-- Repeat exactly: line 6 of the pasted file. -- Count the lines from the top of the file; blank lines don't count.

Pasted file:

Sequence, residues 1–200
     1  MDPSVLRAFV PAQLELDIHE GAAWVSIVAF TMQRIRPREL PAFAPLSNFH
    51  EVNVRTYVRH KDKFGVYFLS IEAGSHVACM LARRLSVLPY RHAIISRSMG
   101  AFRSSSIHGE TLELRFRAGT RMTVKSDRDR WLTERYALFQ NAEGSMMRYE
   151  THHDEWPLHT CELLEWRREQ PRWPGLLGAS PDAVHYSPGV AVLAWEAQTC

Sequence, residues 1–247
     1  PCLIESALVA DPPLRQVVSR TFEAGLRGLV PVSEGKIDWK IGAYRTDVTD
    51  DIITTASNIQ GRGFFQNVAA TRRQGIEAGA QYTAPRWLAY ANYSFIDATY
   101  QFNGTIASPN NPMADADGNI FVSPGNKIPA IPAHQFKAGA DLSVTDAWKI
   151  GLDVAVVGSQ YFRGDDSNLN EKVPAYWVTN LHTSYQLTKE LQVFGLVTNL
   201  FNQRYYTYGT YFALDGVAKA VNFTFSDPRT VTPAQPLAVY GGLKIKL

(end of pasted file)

Sequence, residues 1–247